See also McCruelty to Go.
In a November 2007 commentary, Demos think tank fellow Benjamin Barber claimed that McDonald's was one of several "classically 'American' brands" that, due to increasingly negative perceptions of the United States around the world, was "running away from Brand USA to preserve their image abroad." (Other brands he mentioned were Coca Cola, Nike and General Motors.) In France, McDonald's "bought the rights to Asterix. These days, it's this famous Gallic comic book icon, and not Ronald McDonald, who is selling Big Macs in Paris." 
"McLibel" Trial in Great Britain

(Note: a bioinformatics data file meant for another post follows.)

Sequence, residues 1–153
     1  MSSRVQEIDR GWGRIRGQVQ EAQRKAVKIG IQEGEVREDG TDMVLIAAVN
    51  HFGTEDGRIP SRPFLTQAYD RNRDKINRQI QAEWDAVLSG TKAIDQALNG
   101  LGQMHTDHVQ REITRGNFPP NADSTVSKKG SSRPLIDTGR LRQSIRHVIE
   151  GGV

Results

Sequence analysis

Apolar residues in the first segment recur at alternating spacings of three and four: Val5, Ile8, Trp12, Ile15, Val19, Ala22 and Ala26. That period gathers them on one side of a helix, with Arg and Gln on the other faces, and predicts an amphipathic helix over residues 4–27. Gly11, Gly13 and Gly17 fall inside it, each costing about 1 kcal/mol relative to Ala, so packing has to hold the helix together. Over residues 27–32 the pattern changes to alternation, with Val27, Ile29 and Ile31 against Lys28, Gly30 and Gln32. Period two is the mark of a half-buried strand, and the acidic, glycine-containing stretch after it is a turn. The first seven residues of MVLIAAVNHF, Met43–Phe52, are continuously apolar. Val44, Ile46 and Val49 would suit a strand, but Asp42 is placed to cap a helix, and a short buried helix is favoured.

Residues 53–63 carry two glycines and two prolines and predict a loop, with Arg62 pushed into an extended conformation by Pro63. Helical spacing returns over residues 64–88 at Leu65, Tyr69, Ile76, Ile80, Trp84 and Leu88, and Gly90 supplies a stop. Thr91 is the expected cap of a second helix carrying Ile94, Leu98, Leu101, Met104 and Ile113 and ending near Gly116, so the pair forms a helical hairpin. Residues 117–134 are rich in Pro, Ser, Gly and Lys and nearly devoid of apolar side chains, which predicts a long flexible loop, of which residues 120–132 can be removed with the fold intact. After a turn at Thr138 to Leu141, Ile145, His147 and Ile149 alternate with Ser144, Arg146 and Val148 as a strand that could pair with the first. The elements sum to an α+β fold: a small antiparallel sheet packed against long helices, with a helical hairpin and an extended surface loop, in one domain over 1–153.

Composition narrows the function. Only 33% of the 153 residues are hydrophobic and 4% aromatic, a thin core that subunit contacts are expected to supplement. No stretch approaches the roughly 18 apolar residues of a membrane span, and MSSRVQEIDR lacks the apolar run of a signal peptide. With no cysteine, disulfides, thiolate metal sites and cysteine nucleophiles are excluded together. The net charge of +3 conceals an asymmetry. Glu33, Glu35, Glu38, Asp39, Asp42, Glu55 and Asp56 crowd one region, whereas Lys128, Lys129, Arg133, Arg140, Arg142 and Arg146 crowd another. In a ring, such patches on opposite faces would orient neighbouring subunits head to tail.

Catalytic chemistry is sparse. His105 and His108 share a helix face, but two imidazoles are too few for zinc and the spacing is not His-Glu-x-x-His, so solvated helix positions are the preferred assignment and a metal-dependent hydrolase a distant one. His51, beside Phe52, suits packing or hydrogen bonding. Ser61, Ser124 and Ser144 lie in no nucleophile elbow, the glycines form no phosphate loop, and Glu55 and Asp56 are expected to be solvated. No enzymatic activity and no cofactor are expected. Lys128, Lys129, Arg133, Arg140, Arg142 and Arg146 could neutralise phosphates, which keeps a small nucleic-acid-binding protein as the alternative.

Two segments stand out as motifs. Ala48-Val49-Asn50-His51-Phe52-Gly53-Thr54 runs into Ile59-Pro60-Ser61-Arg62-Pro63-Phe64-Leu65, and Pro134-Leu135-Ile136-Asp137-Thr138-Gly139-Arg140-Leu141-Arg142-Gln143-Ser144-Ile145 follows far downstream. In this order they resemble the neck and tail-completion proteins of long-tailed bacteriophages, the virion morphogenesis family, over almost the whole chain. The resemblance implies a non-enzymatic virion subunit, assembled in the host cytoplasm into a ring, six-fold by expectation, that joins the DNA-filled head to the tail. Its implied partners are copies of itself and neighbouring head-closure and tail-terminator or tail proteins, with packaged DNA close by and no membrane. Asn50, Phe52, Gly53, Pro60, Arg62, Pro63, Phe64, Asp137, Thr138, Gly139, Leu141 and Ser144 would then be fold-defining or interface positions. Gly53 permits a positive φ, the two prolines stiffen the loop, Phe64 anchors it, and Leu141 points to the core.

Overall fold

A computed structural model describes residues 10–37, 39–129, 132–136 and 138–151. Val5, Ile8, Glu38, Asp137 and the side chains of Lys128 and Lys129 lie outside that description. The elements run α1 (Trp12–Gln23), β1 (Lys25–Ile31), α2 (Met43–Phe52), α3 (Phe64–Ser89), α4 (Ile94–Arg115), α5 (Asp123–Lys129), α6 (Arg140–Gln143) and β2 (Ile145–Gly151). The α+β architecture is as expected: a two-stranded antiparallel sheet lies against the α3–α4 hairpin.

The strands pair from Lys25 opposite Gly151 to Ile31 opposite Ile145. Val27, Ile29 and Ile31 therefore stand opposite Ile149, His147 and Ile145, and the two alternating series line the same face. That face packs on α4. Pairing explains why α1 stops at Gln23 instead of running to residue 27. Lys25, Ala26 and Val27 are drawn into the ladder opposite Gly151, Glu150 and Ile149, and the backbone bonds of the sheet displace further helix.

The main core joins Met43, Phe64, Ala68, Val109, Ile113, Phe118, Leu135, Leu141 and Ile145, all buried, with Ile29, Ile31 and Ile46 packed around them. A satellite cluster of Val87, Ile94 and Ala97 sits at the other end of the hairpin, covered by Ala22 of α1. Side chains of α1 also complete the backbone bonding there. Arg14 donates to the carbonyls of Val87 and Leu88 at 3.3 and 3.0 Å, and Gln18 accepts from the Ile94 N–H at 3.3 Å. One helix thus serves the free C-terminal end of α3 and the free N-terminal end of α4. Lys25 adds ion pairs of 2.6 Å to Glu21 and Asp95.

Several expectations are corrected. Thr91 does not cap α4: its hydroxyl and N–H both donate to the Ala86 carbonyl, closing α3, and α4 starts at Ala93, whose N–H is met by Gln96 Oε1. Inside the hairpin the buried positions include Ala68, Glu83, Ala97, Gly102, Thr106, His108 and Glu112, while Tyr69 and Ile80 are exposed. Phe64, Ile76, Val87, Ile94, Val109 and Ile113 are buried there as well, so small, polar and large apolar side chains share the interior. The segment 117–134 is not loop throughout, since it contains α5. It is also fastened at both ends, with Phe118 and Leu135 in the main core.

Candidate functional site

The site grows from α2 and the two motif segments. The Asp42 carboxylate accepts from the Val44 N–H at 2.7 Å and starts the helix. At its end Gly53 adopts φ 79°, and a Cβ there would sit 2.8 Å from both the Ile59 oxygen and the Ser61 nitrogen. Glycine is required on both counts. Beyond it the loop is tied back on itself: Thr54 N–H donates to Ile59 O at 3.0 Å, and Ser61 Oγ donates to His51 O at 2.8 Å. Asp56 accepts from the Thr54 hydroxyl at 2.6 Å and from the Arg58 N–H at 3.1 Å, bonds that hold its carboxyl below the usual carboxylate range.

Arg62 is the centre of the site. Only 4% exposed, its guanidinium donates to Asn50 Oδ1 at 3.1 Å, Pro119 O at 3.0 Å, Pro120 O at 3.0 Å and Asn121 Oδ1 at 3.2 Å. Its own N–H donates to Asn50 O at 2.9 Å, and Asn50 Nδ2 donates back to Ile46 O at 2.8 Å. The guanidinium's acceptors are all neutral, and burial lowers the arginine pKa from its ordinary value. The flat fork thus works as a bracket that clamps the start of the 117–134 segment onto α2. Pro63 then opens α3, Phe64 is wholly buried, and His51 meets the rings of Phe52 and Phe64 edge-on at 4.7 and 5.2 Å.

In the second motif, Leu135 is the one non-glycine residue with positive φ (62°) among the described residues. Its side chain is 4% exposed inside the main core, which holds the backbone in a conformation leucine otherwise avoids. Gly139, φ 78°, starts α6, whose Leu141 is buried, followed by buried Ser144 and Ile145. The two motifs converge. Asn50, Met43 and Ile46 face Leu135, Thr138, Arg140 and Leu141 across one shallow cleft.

The McLibel trial is the infamous British court case between McDonald's against a London postman (David Morris) and gardener (Helen Steel). The trial ran for two and a half years, the longest in British history. The Judge's June of 1997 verdict was a devastating blow for McDonald's. The ruling found that the company's misleading ad campaigns "exploit children." Also, that it was 'culpably responsible' for cruelty to animals. Furthermore, McDonald's was ruled to be 'antipathetic' to unionization and paid their workers low wages. However, the Judge also rule that Mr. Morris and Ms. Steel had failed to prove all of their points. The High Court ruled McDonald's had been libeled and awarded the company ¬£60,000 in damages, later reduced to ¬£40,000 on appeal. The pair refused to pay and McDonald's reportedly did not pursue it. In March of 1999, the Court of Appeal made further rulings against McDonald's in relation to heart disease and employment. As a result of the court case, the campaign mushroomed, the press coverage increased exponentially and the McSpotlight website was born. The campaign also produced a 60-minute documentary.